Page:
The BJP losses in 2013 and 2015 were promptly tagged to Harsh Vardhan and Kiran Bedi. This time, the BJP has put its best foot forward by proclaiming that PM Modi is their face for Delhi election pitting him virtually against Kejriwal. The BJP hopes that Modi wave will drown Brand Kejriwal in Delhi.


The Congress is in tatters in Delhi. The district units of the party had been fighting openly till recently. The party has failed to enter into an alliance with the AAP that has noticeable support on the ground. The deal failed during the Lok Sabha election, which the AAP leadership suspected would be a cakewalk for the BJP and had approached Rahul Gandhi, then Congress president for a tie-up.

The Congress’s performance in Delhi in the Lok Sabha election is said to have surprised even some within the party hierarchy. The Congress finished second in five of seven constituencies pushing the AAP to distant third. But recent surveys show that people have clear preferences for Delhi Assembly election with no regards for the Lok Sabha election trend.

Still, the Congress is expected to do well in areas where anti-Citizenship Amendment Act (CAA) protests were intense. The visits by Congress leaders such as Salman Khurshid to protesters’ camps have generated lot of goodwill for the Congress particularly among Muslim voters, who are dominating voters in five constituencies and may influence electoral outcome on 5-10 other seats.

If the Congress actually makes inroads in such areas and manages to get some hold back in constituencies dominated by slums and unauthorised colonies, there may be a surprise in store in the upcoming Delhi Assembly election.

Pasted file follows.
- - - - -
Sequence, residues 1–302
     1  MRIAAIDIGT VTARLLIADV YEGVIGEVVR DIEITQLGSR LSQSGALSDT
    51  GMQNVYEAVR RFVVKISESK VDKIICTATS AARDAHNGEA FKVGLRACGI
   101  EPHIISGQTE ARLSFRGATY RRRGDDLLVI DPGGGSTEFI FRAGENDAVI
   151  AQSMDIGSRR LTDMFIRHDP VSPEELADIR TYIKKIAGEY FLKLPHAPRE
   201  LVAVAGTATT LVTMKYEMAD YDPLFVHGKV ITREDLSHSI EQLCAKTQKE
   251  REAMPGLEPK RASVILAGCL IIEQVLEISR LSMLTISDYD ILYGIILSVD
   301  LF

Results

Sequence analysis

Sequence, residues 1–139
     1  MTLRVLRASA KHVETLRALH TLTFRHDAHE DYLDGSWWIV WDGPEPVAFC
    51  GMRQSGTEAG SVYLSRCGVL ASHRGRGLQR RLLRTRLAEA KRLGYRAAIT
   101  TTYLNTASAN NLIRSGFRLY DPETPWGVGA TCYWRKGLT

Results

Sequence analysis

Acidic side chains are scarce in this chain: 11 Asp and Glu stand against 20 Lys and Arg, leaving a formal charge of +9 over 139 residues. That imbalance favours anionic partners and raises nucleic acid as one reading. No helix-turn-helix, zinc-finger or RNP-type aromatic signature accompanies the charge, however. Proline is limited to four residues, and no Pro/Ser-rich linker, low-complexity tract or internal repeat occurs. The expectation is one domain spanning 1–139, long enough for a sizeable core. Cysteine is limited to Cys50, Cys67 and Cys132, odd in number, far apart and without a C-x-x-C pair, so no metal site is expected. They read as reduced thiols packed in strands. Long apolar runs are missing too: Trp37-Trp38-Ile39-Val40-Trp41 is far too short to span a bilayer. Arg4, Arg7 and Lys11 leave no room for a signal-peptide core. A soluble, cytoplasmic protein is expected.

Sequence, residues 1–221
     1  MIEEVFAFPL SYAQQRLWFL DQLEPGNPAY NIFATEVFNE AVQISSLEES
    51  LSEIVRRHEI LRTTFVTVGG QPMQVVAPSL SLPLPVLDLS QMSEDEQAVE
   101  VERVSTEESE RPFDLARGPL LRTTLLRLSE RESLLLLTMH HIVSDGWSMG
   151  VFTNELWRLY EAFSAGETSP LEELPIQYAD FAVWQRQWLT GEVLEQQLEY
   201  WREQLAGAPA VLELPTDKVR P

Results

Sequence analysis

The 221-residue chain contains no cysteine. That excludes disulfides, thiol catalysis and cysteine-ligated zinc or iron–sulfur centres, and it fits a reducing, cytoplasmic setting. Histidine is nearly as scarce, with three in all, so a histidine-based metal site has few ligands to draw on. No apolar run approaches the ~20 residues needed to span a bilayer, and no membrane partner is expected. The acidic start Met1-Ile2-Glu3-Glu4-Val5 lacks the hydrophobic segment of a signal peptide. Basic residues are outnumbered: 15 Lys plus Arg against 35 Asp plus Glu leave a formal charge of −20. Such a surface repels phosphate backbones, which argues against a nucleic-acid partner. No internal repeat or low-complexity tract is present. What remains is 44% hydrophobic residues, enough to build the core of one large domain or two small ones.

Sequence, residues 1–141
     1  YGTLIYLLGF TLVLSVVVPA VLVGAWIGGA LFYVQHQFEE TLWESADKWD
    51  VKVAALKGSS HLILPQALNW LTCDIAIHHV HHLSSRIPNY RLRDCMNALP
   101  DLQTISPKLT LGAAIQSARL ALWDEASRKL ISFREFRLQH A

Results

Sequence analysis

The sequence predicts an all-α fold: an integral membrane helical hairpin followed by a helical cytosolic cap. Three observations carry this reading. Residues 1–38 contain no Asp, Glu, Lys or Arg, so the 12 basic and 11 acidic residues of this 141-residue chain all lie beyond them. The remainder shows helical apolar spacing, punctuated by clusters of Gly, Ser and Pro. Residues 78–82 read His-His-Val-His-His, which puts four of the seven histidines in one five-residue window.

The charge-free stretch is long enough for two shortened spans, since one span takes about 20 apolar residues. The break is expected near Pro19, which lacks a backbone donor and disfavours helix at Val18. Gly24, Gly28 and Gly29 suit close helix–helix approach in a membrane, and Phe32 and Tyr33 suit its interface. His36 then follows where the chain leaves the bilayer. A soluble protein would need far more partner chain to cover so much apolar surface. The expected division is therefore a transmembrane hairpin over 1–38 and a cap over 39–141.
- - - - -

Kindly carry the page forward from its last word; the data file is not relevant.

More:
Delhi’s electorates are sharply divided among certain categories Purvanchalis, Punjabis, Muslims, upper caste-baniya combine and slums. They have traditionally been voters to one party or the other. The AAP broke this pattern in 2015.

The Congress was the biggest casualty of Kejriwal’s sudden rise in Delhi. While the BJP held on to its vote bank with 32 per cent vote share, the Congress suffered a loss of 15 per cent over 2013 election. The AAP got over 54 per cent.

The BJP depends on swing in Purvanchali vote, division among Punjabis and steadfast hold on upper caste-baniya combine. The Congress banks on slum voters, return of Purvanchalis and support of Muslim voters. The AAP hopes polarisation and caste-wise division of votes does not happen and the 2015 voting trend is repeated.


The issues of public concern come last in Delhi polls. One major reason for this is the fact that the city has a huge majority of residents with roots outside the national capital. And, the rest of India is not as developed as Delhi. This makes development a less moving election issue in Delhi polls.

This also explains why parties have promised to keep electricity cheaper in Delhi. Availability of electricity is not a concern for an average Delhi voter unlike neighbouring Uttar Pradesh. Sheila Dikshit was at the receiving end just before 2013 Delhi election as there were talks about hike in power tariff in Delhi.

Water supply has been a concern in Delhi. But Kejriwal’s promise in 2015 and subsequent implementation of almost-free piped water in the past five years has made this issue irrelevant till a voter is not shocked by reports of climate change and impending water crisis all over the world including Delhi.

Traffic jam and pollution are two major worries for residents of Delhi. But the fact that Delhi roads are wider than those in other Indian cities puts the blame back on people who continue to buy cars without thinking about the consequences. The voters know this well.

Pollution may be a moving factor but only if a Delhi voter really believes in Delhi BJP president Manoj Tiwari’s claim that if voted to power the BJP government will solve pollution problem of the city in two years.